CANADA FX DEBT-C$ breaks through C$1.34 as global growth worries drag

* Canadian dollar at C$1.3373 or 74.78 U.S. cents
    * Bond prices higher across the maturity curve

    By Solarina Ho
    TORONTO, Sept 24 (Reuters) - The Canadian dollar tumbled
Thursday to its weakest against the U.S. dollar since June 2004,
as concerns about global growth dominated markets following rate
cuts in Norway and Taiwan.
    The loonie, which broke through C$1.34 during the session,
echoed losses among other commodities-linked currencies.
    Norway and Taiwan's central banks both cut their benchmark
interest rate on Thursday. Taiwan's move, the first since 2009,
comes as it faces a slowdown in China and weaker global demand
prospects for its technology exports.
    Norway, which said more cuts to prop the economy could be on
tap, saw its currency hit a 13-year low against the greenback.
    "(Global growth concerns) compounded itself yesterday with
an almost 5 percent drop in oil prices. Overnight, there was
more of the same theme when Taiwan and Norway both cut," said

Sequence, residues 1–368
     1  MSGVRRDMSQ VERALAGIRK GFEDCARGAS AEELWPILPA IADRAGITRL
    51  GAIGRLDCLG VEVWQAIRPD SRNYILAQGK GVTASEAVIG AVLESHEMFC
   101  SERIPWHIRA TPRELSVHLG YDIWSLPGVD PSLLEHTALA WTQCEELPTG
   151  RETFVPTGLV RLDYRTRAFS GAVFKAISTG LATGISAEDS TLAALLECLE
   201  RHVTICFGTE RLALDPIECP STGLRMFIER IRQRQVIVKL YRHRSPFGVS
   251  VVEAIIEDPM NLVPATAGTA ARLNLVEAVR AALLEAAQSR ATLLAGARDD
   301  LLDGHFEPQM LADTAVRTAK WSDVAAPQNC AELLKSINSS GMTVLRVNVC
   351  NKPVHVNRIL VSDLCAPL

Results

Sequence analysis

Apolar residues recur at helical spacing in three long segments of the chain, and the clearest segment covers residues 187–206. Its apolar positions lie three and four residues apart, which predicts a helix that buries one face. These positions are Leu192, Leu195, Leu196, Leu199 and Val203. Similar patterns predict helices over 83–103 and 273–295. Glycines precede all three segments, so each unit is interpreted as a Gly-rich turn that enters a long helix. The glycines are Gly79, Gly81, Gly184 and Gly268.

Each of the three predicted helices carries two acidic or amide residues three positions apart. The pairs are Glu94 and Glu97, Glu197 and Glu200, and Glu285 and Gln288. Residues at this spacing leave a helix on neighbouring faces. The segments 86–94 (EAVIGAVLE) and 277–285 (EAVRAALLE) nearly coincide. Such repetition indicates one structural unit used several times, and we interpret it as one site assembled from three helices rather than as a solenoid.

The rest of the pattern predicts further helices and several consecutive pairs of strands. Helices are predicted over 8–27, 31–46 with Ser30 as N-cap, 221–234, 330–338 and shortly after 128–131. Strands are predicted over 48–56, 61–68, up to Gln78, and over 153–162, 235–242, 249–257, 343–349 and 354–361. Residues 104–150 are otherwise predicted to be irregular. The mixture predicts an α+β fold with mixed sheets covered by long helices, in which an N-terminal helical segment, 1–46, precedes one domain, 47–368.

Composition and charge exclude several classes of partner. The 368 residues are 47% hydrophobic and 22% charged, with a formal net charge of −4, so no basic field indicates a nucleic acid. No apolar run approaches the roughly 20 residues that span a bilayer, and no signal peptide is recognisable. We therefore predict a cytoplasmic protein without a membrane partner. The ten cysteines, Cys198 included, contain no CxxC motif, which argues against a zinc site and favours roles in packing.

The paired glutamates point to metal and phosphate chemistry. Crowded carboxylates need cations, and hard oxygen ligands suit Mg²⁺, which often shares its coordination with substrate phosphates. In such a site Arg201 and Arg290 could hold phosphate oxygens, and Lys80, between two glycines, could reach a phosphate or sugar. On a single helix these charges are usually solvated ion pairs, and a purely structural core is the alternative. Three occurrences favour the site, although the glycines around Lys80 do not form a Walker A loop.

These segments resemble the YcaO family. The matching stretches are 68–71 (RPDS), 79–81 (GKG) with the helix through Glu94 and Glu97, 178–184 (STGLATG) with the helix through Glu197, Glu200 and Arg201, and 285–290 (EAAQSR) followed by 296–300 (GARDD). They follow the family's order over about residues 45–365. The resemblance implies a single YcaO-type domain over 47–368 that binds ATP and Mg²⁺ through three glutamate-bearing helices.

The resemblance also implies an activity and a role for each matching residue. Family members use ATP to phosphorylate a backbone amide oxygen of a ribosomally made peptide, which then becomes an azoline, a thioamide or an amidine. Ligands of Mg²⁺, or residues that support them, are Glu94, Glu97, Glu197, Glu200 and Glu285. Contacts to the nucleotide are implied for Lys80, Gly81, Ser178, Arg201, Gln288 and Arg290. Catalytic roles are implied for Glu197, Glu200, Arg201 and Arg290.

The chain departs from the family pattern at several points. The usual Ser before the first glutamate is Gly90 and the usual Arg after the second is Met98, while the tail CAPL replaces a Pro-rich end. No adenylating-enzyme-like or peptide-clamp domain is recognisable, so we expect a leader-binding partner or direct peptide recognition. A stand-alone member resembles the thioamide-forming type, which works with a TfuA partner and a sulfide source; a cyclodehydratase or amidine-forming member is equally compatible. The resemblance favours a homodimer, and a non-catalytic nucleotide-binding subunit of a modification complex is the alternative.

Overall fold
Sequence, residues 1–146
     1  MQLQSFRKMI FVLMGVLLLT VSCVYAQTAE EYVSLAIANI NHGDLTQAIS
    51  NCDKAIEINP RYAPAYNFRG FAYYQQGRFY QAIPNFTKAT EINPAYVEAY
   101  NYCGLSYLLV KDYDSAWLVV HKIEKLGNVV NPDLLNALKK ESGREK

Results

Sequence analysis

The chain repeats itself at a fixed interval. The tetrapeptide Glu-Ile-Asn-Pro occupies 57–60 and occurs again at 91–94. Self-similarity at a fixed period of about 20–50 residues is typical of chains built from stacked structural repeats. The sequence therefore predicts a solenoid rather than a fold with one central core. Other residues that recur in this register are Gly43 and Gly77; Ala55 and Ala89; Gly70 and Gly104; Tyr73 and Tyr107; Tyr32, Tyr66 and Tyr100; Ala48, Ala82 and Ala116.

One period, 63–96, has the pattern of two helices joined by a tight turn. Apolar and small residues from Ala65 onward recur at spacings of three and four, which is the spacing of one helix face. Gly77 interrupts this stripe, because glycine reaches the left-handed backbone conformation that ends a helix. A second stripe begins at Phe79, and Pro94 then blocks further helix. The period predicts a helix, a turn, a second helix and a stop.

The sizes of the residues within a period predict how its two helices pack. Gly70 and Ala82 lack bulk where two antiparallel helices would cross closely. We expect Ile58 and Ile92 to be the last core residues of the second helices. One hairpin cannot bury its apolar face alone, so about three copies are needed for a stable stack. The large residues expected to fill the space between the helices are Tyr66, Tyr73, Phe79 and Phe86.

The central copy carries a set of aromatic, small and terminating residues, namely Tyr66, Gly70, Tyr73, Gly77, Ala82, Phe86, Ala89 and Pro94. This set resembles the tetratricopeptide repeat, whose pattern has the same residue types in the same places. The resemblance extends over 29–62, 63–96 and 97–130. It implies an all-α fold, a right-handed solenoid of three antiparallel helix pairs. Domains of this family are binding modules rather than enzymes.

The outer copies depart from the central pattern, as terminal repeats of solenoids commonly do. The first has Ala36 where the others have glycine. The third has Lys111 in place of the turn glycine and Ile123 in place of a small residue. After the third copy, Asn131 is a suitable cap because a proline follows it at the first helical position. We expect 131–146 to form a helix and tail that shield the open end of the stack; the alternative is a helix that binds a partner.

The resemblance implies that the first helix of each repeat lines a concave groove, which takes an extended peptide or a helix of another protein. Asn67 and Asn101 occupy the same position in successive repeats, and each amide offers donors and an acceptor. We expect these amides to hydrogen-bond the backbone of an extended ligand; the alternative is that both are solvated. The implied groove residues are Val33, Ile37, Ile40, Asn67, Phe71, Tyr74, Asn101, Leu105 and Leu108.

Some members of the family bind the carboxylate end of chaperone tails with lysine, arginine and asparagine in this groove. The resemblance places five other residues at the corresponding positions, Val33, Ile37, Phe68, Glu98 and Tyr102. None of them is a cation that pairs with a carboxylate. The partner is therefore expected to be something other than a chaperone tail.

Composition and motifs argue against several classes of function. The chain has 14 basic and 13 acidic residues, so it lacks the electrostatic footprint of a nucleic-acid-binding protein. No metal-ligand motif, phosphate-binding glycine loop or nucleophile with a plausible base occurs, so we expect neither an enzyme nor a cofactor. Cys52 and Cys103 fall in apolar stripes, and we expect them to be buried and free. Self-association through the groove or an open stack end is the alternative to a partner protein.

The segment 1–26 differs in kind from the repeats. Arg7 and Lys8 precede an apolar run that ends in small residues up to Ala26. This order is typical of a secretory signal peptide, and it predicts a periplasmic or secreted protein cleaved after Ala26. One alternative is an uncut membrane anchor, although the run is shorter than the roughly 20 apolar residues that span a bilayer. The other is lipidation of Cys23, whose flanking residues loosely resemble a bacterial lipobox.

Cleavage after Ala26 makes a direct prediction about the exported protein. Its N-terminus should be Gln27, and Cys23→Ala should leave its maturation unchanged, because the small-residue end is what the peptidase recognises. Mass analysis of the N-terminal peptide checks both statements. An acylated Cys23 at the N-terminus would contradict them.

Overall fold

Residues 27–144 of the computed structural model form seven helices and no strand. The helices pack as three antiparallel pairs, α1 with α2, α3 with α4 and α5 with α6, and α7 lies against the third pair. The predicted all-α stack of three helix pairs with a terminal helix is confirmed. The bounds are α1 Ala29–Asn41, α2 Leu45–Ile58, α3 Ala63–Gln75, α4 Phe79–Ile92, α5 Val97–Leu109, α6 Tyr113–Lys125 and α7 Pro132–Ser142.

Mark Chandler, head of Canadian fixed income and currency
strategy at RBC Capital Markets.
    "That underscored concerns about global growth and concerns
about oil prices and neither one of those is favorable for
     * At 10:00 a.m. EDT (1400 GMT), the Canadian dollar
 was trading at C$1.3373 to the greenback, or 74.78 U.S.
cents, weaker than the Bank of Canada's official close of
C$1.3347, or 74.92 U.S. cents on Wednesday.
    * The currency, which broke through a key barrier level on
Wednesday following slumping oil prices and disappointing
domestic retail sales data, weakened to as low as C$1.3417, or
74.53 U.S. cents, on Thursday.
    * Data showed that U.S. business investment plans fell
slightly last month, while the number of Americans filing for
new jobless benefits was little changed last week.
    * Investors await a speech later on Thursday by Federal
Reserve Chair Janet Yellen. A reiteration of Fed remarks from
last week on global growth worries could trigger further losses.
    * Canadian government bond prices were higher across the
maturity curve, with the two-year price up 5.7
Canadian cents to yield 0.495 percent and the benchmark 10-year
 rising 59 Canadian cents to yield 1.428 percent.
    * The Canada-U.S. two-year bond spread was -17.0 basis
points, while the 10-year spread was -65.6 basis points.

 (Reporting by Solarina Ho; Editing by Bernadette Baum)